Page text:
Washington, Jan 11 : A team of researchers has revealed new insights into the small-scale dynamics of the Sun''s photosphere.
NJIT Professor Philip R. Goode and the research team at Big Bear Solar Observatory (BBSO) made the observations during a period of historic inactivity on the Sun.
"The smallest scale photospheric magnetic field seems to come in isolated points in the dark intergranular lanes, rather than the predicted continuous sheets confined to the lanes," said Goode.
"The unexpected longevity of the bright points implies a deeper anchoring than predicted."
The researchers showed for the first time how photospheric plasma motion and magnetic fields are in equipartition over a wide dynamic range, while unleashing energy in ever-smaller scales.
"Our data clearly illustrates that the Sun can generate magnetic fields not only as previously known in the convective zone but also on the near-surface layer. We believe small-scale turbulent flows of less than 500 km to be the catalyst," said NJIT Research Professor Valentyna Abramenko at BBSO.
They also found tiny jet-like features originating in the dark lanes surrounding the ubiquitous granules. Such events hold the key to unlocking the mystery of heating the solar atmosphere, the researchers said.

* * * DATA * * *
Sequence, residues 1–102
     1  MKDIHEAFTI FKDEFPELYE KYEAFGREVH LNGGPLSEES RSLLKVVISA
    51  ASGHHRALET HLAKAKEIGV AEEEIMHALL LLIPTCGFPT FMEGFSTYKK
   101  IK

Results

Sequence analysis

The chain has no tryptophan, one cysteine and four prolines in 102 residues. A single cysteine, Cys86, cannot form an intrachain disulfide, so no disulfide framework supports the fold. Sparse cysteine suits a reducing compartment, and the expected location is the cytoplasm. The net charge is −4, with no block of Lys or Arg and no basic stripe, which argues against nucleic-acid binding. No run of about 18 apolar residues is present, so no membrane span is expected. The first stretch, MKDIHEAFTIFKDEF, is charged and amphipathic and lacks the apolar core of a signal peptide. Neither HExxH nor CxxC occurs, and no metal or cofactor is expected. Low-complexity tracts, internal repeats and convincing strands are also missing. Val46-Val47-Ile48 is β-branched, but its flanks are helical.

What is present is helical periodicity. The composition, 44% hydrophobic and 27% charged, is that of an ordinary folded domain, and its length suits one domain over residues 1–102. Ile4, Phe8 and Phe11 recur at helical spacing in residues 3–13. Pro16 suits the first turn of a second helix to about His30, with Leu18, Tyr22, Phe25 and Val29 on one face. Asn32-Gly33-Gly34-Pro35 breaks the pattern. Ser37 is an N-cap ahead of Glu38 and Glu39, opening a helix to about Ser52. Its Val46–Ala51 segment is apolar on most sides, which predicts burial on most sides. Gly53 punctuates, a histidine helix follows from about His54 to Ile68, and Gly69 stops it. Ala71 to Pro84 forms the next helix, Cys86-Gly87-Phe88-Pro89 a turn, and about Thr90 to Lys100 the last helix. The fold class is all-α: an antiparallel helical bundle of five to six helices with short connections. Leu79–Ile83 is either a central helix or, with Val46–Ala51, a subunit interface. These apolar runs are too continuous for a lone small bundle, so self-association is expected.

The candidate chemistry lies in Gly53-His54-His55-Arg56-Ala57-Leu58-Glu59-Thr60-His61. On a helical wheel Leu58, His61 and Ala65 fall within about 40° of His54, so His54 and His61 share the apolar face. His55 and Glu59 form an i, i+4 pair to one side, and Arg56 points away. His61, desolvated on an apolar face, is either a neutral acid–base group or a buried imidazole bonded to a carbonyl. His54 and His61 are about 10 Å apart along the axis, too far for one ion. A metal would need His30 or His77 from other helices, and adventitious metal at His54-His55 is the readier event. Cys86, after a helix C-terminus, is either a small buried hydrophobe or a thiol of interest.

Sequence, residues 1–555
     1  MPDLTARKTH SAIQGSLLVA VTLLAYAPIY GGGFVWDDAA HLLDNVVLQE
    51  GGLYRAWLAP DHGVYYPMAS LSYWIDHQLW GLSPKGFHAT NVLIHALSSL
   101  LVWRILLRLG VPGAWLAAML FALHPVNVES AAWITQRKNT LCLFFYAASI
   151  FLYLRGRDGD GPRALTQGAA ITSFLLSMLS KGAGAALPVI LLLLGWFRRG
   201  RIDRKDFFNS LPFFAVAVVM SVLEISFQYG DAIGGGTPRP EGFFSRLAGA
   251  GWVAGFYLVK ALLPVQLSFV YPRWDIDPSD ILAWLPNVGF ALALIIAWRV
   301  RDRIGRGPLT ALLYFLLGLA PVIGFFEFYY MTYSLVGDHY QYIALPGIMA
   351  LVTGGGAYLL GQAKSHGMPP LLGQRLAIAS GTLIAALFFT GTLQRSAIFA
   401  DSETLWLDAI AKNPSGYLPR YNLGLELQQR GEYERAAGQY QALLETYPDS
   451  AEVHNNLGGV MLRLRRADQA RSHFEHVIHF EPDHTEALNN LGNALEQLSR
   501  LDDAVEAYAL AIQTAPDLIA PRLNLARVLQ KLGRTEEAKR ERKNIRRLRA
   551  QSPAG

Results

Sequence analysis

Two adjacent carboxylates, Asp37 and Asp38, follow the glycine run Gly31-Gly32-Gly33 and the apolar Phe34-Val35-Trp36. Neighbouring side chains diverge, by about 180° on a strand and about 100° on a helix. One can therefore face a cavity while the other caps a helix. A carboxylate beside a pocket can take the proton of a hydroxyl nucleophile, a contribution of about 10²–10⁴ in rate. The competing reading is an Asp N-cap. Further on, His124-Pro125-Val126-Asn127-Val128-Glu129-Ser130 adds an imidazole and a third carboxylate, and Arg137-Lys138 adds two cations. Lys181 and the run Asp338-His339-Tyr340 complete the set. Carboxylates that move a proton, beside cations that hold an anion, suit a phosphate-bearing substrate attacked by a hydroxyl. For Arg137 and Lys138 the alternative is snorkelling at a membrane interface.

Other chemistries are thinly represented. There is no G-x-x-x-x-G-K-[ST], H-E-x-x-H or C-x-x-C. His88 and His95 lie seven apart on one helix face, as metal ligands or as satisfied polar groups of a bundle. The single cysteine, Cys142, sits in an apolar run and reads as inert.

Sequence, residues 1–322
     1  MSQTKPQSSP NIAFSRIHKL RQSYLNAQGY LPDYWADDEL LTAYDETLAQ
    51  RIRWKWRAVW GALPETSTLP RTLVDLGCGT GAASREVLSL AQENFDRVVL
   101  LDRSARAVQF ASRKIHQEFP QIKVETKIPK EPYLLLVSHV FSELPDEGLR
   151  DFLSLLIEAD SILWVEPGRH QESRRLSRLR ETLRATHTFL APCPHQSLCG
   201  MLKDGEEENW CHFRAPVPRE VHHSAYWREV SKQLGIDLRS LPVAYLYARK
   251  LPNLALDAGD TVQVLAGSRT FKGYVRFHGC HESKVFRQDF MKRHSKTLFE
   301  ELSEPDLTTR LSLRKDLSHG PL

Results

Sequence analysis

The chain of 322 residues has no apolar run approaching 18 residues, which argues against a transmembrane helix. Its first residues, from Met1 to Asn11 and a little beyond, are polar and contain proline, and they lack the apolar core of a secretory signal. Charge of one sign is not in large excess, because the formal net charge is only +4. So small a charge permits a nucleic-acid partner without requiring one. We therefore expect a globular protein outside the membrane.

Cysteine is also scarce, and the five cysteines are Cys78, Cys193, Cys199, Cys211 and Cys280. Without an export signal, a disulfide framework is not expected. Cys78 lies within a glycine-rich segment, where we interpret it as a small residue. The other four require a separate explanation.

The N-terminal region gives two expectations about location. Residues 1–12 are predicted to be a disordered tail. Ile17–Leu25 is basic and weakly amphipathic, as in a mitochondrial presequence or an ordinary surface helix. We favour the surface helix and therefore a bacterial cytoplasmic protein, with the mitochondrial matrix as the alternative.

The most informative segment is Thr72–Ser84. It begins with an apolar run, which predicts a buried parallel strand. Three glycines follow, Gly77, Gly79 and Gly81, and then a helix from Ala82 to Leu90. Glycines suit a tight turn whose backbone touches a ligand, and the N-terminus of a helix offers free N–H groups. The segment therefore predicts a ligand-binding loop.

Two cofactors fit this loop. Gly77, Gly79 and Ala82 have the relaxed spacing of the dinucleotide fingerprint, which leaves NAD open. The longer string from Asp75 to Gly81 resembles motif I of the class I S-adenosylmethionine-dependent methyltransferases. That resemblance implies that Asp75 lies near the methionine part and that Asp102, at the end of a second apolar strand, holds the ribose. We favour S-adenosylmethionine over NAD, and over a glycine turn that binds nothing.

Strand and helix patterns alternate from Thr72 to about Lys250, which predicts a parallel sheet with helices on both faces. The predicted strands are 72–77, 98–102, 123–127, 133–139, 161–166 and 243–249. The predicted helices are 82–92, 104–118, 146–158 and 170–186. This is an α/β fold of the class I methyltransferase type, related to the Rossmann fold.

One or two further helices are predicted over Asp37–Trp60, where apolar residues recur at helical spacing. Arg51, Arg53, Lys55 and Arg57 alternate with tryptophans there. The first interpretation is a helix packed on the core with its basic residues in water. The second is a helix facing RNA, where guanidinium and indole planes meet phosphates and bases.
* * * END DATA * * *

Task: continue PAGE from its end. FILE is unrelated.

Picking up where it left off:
"The solar chromosphere shows itself ceaselessly changing character with small-scale energetic events occurring constantly on the solar surface, said NJIT Research Professor Vasyl Yurchyshyn, also at BBSO.
The researchers hope to establish how such dynamics can explain the movement underlying convective flows and turbulent magnetic fields.
Scientists believe that magnetic structures like sunspots hold the key to space weather - the occurrences could affect Earth''s climate and environment.
The telescope will be the pathfinder for an even larger ground-based telescope, the Advanced Technology Solar Telescope (ATST), to be built over the next decade.
The observations are reported in The Astrophysical Journal. (ANI)